A temporary homeless shelter with space to house up to 160 people per night has been approved for an industrial area on Edmonton's south side.
The City of Edmonton approved the shelter on Nov. 23. It is located in a Hope Mission warehouse east of the Avonmore neighbourhood, near 75th Street and Argyll Road.
Pure Edmonton Casino and another nearby business appealed to the Edmonton Subdivision and Development Appeal Board in December. In a Jan. 13 decision, the board denied the appeal.
Tim Pasma, Hope Mission's manager of homeless programs, said the shelter is intended to be used when the temperature is extremely cold or when fires or maintenance issues affect other shelters in the city.
He said the converted warehouse will not be open 24/7 and it won't be open for walk-ins.
Hope Mission plans to use two 24-seat buses to transport people between the new shelter and downtown.
"It was always intended to just be a safety valve for us," Pasma said.
He said he anticipates the shelter will open, if needed, in late January or early February and it will close at the end of April.
Funding for the shelter is coming from the province.
During the appeal hearing earlier this month, a handful of businesses argued against the shelter being approved.
David Robinson, a business owner who owns a property nearby, said in the hearing that the shelter would result in increased crime in the area and could potentially lead to increased insurance costs. He declined an interview with CBC News on Wednesday.
Pure Canadian Gaming Corp.'s legal team said during the hearing that the nearby Pure Casino Edmonton had not been notified about the proposal until mid-December and the company was concerned about theft, vehicle damage and negative effects on revenues.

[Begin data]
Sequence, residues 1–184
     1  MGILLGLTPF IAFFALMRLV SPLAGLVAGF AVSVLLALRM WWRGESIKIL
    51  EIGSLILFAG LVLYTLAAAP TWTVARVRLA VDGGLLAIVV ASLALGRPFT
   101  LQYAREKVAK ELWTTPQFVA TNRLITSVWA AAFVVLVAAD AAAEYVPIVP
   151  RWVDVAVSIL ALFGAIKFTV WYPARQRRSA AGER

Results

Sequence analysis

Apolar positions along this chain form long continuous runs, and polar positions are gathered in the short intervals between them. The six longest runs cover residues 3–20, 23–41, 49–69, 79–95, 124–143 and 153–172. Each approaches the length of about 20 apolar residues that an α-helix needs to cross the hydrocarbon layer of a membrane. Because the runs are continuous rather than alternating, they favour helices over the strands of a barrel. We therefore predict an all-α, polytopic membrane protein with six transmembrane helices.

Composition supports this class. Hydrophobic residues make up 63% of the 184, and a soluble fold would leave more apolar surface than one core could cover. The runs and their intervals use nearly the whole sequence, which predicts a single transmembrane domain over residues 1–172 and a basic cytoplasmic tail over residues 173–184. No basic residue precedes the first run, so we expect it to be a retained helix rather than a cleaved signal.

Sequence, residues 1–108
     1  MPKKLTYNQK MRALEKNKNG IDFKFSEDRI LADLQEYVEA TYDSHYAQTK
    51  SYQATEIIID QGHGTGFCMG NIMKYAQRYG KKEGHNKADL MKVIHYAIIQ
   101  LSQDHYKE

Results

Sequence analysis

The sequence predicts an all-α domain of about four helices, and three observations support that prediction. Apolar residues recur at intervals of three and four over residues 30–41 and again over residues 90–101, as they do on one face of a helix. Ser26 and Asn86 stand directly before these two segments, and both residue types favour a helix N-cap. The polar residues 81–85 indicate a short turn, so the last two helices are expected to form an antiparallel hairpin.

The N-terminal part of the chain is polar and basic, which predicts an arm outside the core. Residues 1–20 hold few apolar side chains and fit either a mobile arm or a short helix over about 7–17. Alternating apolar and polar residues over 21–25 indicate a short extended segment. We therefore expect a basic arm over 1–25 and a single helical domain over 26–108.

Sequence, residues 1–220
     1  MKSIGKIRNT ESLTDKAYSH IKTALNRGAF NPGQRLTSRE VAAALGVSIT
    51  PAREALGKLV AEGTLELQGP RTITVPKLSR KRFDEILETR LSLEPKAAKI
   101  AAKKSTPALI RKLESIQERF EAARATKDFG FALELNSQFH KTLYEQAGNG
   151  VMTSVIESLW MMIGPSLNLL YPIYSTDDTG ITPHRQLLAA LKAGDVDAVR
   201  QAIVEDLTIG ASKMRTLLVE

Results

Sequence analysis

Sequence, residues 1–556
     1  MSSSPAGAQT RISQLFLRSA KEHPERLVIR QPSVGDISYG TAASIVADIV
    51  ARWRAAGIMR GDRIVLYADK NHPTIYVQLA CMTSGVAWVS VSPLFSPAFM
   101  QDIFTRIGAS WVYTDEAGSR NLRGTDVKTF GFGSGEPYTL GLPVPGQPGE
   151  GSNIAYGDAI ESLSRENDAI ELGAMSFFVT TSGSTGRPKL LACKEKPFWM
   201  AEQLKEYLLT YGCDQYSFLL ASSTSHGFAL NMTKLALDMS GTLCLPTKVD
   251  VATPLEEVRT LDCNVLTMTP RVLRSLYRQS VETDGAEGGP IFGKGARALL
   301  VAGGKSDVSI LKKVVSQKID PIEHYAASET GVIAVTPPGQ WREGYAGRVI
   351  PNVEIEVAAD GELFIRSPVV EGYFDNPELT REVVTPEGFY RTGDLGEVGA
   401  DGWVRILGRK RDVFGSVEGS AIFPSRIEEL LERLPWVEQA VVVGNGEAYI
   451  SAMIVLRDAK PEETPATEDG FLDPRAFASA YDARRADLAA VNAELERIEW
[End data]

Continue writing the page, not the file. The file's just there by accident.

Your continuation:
The legal team also said that putting vulnerable individuals, who may have addictions, close to a casino would likely be risky for them.
Pure Canadian Gaming Corp. has since sold its four Pure Casinos in Alberta. Neither the company nor its lawyer responded to interview requests.
Two other people supported the appellants during the hearing, representing the views of Regency Innovations, a kitchen cabinet manufacturer, and a condo storage complex near the proposed shelter.
They said they were concerned about declining property values and increased traffic and mischief.
The city's development officer said during the hearing that the proposed shelter aligned with the city's plan to end homelessness and would not unduly interfere with the neighbourhood's amenities or property values.
Pasma said Hope Mission understands the community's concerns but also feels a duty to help people experiencing homelessness.
"We're willing to listen to all sides and we want to be partners in finding solutions," he said.
The Emmanuel Foundation, an international development charity that operates out of the building where the shelter will operate, is not opposing the development.
"We would coexist with them," said Lyle Johnson, the foundation's executive director.
Johnson said the charity realizes the city has seen the number of people experiencing homelessness double and beds are needed.
Could shelter be used next winter?
When asked if the temporary shelter could be used in the winter of 2023-24, Pasma said Hope Mission would have to apply for a development permit again.
"As a good neighbour in the community, we would want to because we understand that there's other concerns that we need to address," he said.